But at one point when I was not being very articulate, Laura Bush, his wife, interrupted me and interrupted the president and said to him, “George, just think about it. If you’re worried, if you don’t know how long you’re gonna keep your house, and you don’t know how long you’re gonna keep your job, you just have less energy to invest in the kids.” Bingo. In my research group, we call that the Laura Bush hypothesis, and it’s true, and it’s the way in which financial anxiety is transferred to kids.

The most important gap of all is actually the savvy gap. My grandchildren are high on savvy, not because they’re smarter, but just because they’re surrounded by other real people, not just devices, but other real people who can say, “Hey did you see this new app, how about LinkedIn?” Or something. I know LinkedIn is now old times, but these kids are no way near having the same… And it’s the high touch part that they need, it’s not just another app, they need some real person in their lives who cares about them, knows about their problems and can help them use these devices. So I am all in favor of hi-tech, but we’ve got to think about how to make that actually work in the lives of real poor kids.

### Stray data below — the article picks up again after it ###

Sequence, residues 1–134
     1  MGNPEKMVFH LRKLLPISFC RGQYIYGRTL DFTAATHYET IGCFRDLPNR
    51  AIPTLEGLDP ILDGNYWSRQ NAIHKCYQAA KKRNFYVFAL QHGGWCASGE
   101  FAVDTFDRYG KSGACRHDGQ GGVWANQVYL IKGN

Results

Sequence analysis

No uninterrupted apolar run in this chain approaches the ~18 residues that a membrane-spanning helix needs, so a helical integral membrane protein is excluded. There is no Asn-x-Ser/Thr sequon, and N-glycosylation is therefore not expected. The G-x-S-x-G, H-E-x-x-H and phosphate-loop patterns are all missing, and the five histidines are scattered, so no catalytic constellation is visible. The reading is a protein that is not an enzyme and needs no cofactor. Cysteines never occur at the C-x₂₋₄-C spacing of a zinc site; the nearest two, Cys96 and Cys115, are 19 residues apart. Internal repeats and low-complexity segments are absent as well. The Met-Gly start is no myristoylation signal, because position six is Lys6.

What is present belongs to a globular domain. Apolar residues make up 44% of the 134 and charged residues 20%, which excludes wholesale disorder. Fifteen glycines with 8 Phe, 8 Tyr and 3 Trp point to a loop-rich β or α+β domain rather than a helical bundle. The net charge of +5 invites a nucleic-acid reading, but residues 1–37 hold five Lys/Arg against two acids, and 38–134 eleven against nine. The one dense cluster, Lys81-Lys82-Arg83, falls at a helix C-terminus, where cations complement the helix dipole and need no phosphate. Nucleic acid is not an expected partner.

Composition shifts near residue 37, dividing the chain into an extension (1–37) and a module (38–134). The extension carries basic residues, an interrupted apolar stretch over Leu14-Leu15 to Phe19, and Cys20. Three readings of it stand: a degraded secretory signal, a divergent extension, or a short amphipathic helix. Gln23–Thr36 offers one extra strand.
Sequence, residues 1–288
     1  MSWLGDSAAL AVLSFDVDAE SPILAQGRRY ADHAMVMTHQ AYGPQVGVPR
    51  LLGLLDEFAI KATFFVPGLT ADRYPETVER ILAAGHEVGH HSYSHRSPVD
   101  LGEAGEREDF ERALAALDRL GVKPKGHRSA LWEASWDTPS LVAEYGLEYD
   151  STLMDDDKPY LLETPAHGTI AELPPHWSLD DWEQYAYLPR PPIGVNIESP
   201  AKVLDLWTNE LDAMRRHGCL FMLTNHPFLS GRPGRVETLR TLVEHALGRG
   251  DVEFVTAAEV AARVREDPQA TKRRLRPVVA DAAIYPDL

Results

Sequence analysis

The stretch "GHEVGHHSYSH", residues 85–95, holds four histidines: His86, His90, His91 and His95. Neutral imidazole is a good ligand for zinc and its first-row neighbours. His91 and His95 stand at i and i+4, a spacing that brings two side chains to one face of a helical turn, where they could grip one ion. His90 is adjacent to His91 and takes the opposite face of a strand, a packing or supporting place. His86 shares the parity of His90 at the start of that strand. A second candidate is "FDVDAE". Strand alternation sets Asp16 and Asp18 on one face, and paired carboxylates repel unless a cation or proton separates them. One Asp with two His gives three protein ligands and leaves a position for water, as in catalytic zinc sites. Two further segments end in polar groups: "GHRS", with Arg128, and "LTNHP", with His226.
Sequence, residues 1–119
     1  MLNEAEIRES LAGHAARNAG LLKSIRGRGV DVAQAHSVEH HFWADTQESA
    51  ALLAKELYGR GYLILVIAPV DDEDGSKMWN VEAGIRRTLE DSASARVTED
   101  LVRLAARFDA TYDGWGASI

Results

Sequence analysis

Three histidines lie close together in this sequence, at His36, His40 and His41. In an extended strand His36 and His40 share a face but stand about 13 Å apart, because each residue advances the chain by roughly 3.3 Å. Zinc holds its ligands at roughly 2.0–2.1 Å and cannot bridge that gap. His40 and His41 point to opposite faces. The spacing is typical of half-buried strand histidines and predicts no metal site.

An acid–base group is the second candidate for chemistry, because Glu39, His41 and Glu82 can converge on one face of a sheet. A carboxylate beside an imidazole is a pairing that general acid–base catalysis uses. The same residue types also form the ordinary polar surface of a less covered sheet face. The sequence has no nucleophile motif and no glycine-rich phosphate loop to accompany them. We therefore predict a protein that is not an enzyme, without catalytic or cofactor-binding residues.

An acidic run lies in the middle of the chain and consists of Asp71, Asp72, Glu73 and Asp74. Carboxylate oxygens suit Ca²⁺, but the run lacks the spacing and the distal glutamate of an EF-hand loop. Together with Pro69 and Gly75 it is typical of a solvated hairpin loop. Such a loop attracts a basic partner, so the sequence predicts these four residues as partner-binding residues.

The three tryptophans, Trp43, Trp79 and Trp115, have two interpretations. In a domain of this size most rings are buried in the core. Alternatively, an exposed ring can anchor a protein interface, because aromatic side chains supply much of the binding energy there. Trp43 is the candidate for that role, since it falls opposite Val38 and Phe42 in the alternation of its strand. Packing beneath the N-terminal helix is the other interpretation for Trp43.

RS: So I’m really curious to hear. I know you’ve been spending a lot of time with local communities talking about what to do.

BP: Right.

RS: What have you heard that made you feel optimistic?

BP: We Americans have fixed this kind of a problem before. This is not the first time in American history that we’ve had this kind of big gap between rich and poor and political polarization and so on. That’s true now and it was true a 100 years ago at the turn of the last century, the so-called gilded age. And then in a pretty short period of time, Americans began to recognize the problem and actually to re-weave the fabric of our communities.

That’s what’s going on, and that’s what we need now, to re-weave this fabric including the fabric that links us across social class lines. And in that period we did some important big things that are so important that we now no longer recognize they were innovations.